Congress Has the Power to Compel Transparency from Facebook: Will It?

The pattern seems clear. The social media platform is engaged in an energetic struggle to stop its role in spreading misinformation from being scrutinized.

September 3, 2021
Pro-Trump supporters storm the U.S. Capitol on January 6, 2021. (REUTERS/Shannon Stapleton)

On January 6, when pro-Trump supporters stormed Capitol Hill, California Republican Kevin McCarthy, then the majority leader in the House of Representatives, called President Donald Trump to ask him to appeal for calm.

According to testimony from a colleague, Trump first told McCarthy that antifas were storming the Capitol, not his supporters. When McCarthy contradicted him, Trump said, “Well, Kevin, I guess these people are more upset about the election than you are.”

McCarthy, who remains a Trump supporter in spite of that presumably difficult conversation, has been opposing efforts by Congressional Democrats to investigate the events of that day ever since, playing his part in a grim partisan struggle.

His most recent move — threatening the tech giants — puts him at the heart of the transparency struggle between law makers and the social media giants.

McCarthy put out a statement on August 31 urging 35 telecommunications and social media companies to ignore a request from a Democrat-controlled committee asking them to retain phone and message records of people involved in the rally. Democrats no doubt want to find a smoking gun linking Republican law makers to the violence, which, naturally enough, McCarthy would not like them to find.

McCarthy says, without evidence, that the records request is illegal, and threatened the firms in his tweet: “If companies still choose to violate federal law, a Republican majority will not forget and will stand with Americans to hold them fully accountable under the law.”

This means the companies may face Republican wrath if they comply with what appears to be a lawful request.

It will be particularly interesting to see how Facebook handles the matter, because it is also facing scrutiny and criticism from Democrats for its role in spreading misinformation, both about the election and about COVID-19.

On August 26, the committee looking into the Capitol riot sent a three-page letter to Mark Zuckerberg demanding records — by September 9 — about misinformation spread on the platform leading up to the riot, including data about Facebook’s algorithms and what actions the company took to shut down misinformation.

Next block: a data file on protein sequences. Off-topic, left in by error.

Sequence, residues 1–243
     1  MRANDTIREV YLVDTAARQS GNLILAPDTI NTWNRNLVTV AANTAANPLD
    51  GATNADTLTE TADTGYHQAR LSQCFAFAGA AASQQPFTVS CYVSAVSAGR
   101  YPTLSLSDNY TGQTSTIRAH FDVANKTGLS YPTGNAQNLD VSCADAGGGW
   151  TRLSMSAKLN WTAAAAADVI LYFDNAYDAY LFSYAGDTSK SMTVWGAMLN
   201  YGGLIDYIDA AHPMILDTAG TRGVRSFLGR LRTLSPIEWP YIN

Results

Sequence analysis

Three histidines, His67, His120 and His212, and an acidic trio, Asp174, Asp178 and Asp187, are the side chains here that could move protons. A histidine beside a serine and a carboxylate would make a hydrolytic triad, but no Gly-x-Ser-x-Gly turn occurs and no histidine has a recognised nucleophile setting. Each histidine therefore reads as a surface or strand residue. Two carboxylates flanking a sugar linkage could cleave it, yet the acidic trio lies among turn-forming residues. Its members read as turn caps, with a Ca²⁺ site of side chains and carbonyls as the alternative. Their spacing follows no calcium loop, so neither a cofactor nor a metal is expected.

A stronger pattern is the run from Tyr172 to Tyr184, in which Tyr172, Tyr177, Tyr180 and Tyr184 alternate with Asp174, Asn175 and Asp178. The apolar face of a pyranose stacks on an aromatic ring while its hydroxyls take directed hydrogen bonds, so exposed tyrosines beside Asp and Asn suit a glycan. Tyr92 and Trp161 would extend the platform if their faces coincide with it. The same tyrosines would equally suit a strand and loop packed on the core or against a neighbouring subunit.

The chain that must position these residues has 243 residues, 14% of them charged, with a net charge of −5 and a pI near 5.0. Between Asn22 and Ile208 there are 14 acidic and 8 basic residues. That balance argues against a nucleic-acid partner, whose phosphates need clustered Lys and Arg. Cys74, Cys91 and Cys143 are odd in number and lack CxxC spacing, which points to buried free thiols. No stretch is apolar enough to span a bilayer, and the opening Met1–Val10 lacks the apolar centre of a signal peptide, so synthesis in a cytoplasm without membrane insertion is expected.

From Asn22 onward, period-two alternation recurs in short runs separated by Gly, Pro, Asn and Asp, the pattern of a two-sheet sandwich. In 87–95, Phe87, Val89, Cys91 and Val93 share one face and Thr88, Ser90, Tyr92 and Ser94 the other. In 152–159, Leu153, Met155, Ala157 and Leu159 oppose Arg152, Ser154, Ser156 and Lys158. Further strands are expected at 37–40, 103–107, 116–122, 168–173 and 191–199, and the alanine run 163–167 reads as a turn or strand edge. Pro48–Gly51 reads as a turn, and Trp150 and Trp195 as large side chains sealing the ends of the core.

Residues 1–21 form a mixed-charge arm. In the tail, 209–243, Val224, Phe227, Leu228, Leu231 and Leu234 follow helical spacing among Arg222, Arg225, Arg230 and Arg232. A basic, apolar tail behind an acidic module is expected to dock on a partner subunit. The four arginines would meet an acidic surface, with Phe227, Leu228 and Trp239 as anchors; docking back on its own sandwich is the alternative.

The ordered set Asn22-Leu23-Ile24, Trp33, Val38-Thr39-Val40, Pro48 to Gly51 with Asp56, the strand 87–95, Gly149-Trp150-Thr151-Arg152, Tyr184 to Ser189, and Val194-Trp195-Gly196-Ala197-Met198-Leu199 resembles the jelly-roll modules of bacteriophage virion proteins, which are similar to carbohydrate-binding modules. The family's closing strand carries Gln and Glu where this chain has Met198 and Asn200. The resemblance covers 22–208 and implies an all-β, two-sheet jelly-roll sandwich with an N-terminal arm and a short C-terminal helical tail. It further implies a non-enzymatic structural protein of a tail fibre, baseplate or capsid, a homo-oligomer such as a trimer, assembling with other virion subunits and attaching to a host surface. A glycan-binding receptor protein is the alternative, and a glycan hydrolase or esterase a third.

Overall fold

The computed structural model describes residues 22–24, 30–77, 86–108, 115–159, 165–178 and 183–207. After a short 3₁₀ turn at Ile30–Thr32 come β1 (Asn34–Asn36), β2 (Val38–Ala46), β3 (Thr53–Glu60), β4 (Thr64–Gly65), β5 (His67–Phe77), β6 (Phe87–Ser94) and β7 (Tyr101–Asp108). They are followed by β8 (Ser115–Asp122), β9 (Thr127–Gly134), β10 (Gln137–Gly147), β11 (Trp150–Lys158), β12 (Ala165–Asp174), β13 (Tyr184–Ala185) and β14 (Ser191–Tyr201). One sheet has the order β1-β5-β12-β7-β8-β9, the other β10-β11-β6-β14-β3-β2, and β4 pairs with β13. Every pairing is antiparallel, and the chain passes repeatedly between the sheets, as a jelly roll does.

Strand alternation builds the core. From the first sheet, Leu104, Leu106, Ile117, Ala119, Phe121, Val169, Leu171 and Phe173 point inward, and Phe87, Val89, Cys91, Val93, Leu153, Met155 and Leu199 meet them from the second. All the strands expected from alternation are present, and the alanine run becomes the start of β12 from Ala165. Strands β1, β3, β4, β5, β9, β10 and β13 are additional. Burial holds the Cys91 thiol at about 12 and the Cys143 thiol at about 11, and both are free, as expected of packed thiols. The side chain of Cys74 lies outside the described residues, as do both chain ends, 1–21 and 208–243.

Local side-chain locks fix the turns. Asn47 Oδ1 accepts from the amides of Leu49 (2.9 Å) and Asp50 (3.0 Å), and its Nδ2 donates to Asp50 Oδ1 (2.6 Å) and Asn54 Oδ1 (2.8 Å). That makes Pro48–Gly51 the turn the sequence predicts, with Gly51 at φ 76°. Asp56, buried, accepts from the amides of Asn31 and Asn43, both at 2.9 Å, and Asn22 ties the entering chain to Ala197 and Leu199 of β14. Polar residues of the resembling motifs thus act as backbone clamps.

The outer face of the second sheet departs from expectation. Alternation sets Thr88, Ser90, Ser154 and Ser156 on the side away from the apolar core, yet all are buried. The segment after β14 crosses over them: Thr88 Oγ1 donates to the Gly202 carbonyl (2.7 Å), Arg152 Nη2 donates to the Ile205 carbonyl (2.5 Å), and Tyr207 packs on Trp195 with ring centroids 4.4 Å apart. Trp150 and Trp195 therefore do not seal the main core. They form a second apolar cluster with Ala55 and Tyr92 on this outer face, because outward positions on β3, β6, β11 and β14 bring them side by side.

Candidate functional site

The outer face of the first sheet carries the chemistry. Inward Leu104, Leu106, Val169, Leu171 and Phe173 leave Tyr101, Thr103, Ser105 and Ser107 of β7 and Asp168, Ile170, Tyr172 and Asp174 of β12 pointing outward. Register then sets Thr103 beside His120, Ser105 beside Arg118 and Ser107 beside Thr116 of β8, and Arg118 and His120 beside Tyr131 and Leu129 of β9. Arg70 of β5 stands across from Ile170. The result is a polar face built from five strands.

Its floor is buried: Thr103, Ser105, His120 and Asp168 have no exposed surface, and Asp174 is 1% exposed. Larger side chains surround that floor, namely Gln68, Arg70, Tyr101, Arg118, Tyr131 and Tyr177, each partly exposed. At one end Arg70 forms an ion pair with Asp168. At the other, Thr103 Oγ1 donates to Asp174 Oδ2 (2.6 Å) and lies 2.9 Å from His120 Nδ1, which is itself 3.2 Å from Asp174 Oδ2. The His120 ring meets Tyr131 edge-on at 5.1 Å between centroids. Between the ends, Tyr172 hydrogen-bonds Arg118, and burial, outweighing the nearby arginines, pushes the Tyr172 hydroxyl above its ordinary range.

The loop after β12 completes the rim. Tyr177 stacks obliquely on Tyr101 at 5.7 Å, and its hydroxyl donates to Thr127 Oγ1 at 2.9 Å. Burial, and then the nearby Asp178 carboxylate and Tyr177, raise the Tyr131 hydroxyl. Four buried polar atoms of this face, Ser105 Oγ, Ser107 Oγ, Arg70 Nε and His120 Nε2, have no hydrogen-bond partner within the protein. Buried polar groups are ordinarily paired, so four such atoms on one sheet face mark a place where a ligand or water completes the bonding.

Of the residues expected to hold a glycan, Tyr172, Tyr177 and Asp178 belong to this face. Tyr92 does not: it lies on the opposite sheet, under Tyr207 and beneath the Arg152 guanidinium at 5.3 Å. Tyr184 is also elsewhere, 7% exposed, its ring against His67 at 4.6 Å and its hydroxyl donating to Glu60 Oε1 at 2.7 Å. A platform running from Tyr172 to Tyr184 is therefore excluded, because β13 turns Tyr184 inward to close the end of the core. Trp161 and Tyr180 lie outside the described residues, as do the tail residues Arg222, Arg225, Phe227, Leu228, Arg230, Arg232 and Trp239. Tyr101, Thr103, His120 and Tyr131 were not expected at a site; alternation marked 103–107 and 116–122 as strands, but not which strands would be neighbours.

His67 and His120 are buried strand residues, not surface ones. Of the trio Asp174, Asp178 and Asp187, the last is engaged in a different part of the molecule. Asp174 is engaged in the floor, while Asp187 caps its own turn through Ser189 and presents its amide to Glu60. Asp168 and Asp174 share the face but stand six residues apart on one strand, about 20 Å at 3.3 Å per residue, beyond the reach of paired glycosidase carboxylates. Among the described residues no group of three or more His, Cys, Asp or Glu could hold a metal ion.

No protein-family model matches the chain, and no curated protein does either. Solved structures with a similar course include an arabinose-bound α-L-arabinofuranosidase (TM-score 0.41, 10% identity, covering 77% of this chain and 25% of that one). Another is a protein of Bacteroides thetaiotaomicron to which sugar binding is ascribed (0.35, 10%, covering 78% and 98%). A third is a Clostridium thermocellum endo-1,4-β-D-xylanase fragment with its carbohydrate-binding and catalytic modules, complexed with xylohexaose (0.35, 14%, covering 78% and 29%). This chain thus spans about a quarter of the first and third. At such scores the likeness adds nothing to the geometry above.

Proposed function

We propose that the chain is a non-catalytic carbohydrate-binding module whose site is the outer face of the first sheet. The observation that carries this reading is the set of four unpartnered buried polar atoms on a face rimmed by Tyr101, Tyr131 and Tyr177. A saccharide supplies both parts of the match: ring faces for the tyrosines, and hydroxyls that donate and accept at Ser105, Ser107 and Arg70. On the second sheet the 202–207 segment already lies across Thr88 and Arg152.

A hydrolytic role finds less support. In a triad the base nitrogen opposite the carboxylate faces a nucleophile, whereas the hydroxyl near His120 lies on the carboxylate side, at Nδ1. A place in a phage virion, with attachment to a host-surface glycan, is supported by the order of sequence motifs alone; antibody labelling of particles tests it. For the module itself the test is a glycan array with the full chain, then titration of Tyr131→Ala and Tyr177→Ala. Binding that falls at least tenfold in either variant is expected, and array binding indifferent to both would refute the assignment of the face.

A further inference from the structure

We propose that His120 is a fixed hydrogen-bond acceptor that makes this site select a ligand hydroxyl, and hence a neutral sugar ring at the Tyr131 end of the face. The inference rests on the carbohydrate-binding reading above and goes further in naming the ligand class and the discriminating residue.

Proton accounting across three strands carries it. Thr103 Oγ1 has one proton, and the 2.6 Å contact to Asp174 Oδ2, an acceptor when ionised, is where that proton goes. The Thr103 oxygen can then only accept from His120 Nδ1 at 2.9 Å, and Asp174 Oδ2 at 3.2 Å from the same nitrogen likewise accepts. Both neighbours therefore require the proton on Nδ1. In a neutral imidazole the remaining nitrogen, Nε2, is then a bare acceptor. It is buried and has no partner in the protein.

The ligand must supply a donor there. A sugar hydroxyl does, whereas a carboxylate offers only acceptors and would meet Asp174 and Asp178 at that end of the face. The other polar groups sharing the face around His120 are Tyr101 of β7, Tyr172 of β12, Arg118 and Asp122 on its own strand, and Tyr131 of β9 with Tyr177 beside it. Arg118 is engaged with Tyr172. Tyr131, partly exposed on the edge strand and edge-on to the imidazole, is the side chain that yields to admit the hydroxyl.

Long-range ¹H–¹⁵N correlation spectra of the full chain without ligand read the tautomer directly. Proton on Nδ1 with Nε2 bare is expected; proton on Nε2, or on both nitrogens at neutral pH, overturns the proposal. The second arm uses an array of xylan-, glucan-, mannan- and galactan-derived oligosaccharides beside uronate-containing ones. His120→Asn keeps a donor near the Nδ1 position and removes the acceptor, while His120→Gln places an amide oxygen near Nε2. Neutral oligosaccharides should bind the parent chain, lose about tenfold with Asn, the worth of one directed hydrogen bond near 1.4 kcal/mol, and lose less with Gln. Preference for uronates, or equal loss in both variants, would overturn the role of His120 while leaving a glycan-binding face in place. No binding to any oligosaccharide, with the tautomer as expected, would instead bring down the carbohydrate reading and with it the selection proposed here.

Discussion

It looks like a headache for the tech giant — the kind of request that could pierce the wall of secrecy that prevents law makers and researchers from evaluating Facebook’s role in spreading fake news that leads to riots or increases vaccine resistance — something the company appears to take pains to avoid.

If Facebook complies with the order, the resulting data dump may fill in huge gaps that have made it difficult for journalists, researchers and law makers to understand the extent of the misinformation that is spread within Facebook’s walled garden, where harmful and false communication takes place in private groups, shifting public opinion in ways that were impossible in earlier media ecosystems, leaving, for instance, public health officials struggling.

Consider ivermectin. Despite the lack of evidence, many Americans have become convinced that the drug is an effective treatment for COVID-19, but it is not available without a prescription, unless you go to a feed store, where it is available in large quantities as a treatment for parasites in horses. Enough people have been ingesting horse medicine that the Mississippi Poison Control Center had to issue a warning bulletin. The FDA tweeted, “You are not a horse. You are not a cow. Seriously, y’all. Stop it.” Even Health Canada had to issue a safety alert.

Ivermectin has been promoted out in the open by Fox News personalities and podcaster Joe Rogan, who used it to “treat” a case of COVID-19 out in the open, but it has also been heavily promoted on social media in ways that nobody can observe.

Moderation — the process of vetting policy-violating posts — is a cost centre for the platforms. Every dollar they spend on that is a dollar that does not end up on the right side of the balance sheet. So there is reason to wonder if Facebook even wants to know what’s going on and how much misinformation is being spread. 

It is curious, for instance, that thousands of posts related to the January 6 riots recently disappeared from Facebook’s transparency system.

It is also noteworthy that Facebook recently shut down the Facebook accounts of researchers looking into political ads, reined in an internal transparency exercise, and buried a transparency report that showed large-scale misinformation, until it was leaked.

The pattern seems clear. Facebook is engaged in an energetic struggle to stop its role in spreading misinformation from being scrutinized.

The US Congress has the power to stop Facebook in its tracks, to force it to reveal what role it has played in spreading misinformation about the 2020 US election and the ongoing pandemic, but it is not yet clear whether they will actually manage to do it.

If the Democrats fail to pierce Facebook’s wall of secrecy, it will continue to be impossible to reach any conclusions about the scope of the problem, which seems like an unacceptable outcome given the centrality of the platform in crucial struggles over public health and public safety.

The opinions expressed in this article/multimedia are those of the author(s) and do not necessarily reflect the views of CIGI or its Board of Directors.

About the Author

Stephen Maher is a Harvard Nieman Fellow and a contributing editor at Maclean’s.